Sunday, January 30, 2011

"Do you in your lonely musing hear the message of the hereafter?"

"Ah, poet, the evening draws near; your hair is turning grey.
"Do you in your lonely musing hear the message of the hereafter?"

"It is evening," the poet said, "and I am listening because some
one may call from the village, late though it be.
"I watch if young straying hearts meet together, and two pairs of
eager eyes beg for music to break their silence and speak for
"Who is there to weave their passionate songs, if I sit on the
shore of life and contemplate death and the beyond?

"The early evening star disappears.
"The glow of a funeral pyre slowly dies by the silent river.
"Jackals cry in chorus from the courtyard of the deserted house
in the light of the worn-out moon.
"If some wanderer, leaving home, come here to watch the night and
with bowed head listen to the murmur of the darkness, who is
there to whisper the secrets of life into his ears if I,
shutting my doors, should try to free myself from mortal bonds?

"It is a trifle that my hair is turning grey.
"I am ever as young or as old as the youngest and the oldest of
this village.
"Some have smiles, sweet and simple, and some a sly twinkle in
their eyes.
"Some have tears that well up in the daylight, and others tears
that are hidden in the gloom.
They all have need for me, and I have no time to brood over the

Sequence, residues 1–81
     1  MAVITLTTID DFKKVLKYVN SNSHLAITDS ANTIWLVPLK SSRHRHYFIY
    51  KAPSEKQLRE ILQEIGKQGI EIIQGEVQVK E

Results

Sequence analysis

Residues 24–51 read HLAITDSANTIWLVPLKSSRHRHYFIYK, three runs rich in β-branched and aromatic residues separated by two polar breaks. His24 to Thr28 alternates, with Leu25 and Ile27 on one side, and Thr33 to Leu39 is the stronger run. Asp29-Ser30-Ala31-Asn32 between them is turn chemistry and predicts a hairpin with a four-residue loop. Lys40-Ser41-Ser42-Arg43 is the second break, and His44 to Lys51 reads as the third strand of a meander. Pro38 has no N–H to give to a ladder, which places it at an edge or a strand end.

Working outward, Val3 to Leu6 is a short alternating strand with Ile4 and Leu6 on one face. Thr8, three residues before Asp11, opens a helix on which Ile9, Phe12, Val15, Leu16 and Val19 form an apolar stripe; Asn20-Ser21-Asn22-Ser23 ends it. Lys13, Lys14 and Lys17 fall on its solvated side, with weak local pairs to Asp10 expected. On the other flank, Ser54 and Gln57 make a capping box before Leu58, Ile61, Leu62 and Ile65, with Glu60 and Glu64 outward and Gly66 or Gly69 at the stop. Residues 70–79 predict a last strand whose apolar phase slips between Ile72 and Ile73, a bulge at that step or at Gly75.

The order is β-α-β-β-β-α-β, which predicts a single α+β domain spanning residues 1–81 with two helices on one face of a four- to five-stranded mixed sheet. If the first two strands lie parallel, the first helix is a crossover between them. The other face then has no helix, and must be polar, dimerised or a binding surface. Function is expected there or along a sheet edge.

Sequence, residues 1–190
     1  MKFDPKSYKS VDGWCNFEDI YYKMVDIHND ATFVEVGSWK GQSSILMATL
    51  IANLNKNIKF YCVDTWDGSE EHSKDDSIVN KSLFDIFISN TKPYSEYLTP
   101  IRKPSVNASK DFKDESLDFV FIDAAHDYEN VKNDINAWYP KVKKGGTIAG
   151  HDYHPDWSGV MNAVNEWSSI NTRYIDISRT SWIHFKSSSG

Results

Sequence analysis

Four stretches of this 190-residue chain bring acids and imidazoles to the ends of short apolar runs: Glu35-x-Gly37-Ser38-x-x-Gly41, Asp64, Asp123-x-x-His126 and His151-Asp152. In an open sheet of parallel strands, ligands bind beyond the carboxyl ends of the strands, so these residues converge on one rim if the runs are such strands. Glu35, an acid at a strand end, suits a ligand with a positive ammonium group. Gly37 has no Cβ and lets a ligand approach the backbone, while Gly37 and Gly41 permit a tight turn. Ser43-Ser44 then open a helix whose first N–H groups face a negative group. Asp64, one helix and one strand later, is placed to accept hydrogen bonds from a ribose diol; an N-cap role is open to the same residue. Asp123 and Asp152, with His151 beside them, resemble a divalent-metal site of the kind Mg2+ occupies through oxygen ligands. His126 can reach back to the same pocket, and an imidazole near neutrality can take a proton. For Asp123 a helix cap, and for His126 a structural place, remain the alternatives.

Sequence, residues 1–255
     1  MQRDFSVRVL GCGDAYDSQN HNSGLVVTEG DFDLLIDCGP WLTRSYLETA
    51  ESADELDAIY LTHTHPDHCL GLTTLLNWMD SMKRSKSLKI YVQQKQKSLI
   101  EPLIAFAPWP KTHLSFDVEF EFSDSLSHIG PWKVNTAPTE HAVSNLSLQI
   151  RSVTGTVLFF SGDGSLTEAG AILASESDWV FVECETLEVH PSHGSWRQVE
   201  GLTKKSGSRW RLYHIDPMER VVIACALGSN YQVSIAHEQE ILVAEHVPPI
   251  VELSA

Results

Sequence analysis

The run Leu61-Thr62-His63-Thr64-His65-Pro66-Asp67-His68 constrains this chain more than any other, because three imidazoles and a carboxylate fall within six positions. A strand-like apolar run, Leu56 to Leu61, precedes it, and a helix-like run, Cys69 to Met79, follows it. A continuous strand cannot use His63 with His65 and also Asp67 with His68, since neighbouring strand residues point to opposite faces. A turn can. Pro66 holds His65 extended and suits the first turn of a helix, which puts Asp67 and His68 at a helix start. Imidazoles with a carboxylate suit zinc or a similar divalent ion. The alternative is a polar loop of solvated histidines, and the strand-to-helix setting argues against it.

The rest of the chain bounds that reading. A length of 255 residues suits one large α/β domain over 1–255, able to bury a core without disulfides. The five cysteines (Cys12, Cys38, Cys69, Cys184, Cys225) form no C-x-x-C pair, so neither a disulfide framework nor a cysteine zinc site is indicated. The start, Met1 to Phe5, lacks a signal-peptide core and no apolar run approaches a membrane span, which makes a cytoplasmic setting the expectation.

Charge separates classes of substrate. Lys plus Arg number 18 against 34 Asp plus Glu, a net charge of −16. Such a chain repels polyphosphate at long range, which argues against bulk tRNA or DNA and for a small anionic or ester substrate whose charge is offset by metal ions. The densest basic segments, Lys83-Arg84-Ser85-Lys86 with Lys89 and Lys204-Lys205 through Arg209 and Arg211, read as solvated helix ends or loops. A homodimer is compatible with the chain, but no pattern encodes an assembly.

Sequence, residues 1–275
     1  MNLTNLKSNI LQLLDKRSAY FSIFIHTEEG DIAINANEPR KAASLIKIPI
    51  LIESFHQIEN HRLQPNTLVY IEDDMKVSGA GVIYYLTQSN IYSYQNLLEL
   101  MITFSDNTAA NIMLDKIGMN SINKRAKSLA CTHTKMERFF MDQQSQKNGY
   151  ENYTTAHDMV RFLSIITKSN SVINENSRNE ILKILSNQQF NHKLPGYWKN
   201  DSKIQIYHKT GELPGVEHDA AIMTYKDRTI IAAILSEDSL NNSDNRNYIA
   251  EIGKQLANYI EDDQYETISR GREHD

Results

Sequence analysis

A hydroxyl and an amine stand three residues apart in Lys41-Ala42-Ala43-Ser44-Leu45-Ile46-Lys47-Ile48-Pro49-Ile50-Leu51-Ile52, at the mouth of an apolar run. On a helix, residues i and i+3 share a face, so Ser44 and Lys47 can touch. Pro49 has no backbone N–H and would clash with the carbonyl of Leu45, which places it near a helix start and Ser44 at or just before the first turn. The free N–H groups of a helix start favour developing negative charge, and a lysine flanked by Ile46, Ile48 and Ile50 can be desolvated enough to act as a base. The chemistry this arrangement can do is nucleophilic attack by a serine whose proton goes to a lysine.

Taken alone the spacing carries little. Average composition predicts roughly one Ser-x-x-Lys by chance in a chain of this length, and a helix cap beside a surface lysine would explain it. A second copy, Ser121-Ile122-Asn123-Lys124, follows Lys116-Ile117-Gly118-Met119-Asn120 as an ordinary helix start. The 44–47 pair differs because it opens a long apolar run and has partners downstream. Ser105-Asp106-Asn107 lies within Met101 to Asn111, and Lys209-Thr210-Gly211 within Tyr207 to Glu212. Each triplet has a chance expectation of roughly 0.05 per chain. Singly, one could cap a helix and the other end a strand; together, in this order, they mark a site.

"I am of an age with each, what matter if my hair turns grey?"

From The Gardener by Rabindranath Tagore, 1915

Seated old man, Leonardo da Vinci (1452-1519)

Monday, January 24, 2011

"Nothing can be done about flowers falling away"

With a cup of wine, listening to songs of new words,
In the same pavilion tower and last year's weather.
The sun is setting in the west, but when will it return?

Nothing can be done about flowers falling away,
The swallows, seeming acquaintances, are coming back.
Along fragrant paths of the little garden I alone pace to and fro.

Yan Shu, Song Dynasty
Uncredited translation from China Page

Painting by Huang Quan, 10th century

Thursday, January 20, 2011

"There will be little enough to forget"

There will be little enough to forget —
The flight of crows,
A wet street,
The way the wind blows,
Moonrise: sunset:
Three words the world knows —
Little enough to forget.

From "1892 - 19—" by Archibald MacLeish.*

Figures On The Noordeinde, The Hague, Floris Arntzenius (1864-1925)

*One of the things that took me away from the blog last fall was a fiction writing workshop with Richard Bausch. It was a great experience, a gift on many levels. One of the pleasures it brought me was a renewed acquaintance with MacLeish's poetry, which I sought out after Bausch cited him as a an unjustly neglected poet. While a lot of his work doesn't seem to have held up very well, there are some beautiful pieces that shouldn't be forgotten. Check out MacLeish's Collected Poems.

Wednesday, January 19, 2011

This announcement will startle few, and few will be grieved by it.*

I'm back. Poe's birthday seems like a good moment to return from the void. Hope to account for myself in posts to come. Meanwhile, in honor of the day, I recommend to you one of my favorite short stories by Madison Smartt Bell, "Small Blue Thing" -- a clever tribute to the birthday boy.

And here's a short animated film that takes off the beginning of "The Tell-Tale Heart":

*Taking liberties with the line from Rufus Griswold's famous obituary for Poe: "This announcement will startle many, but few will be grieved by it." Read the whole obit here.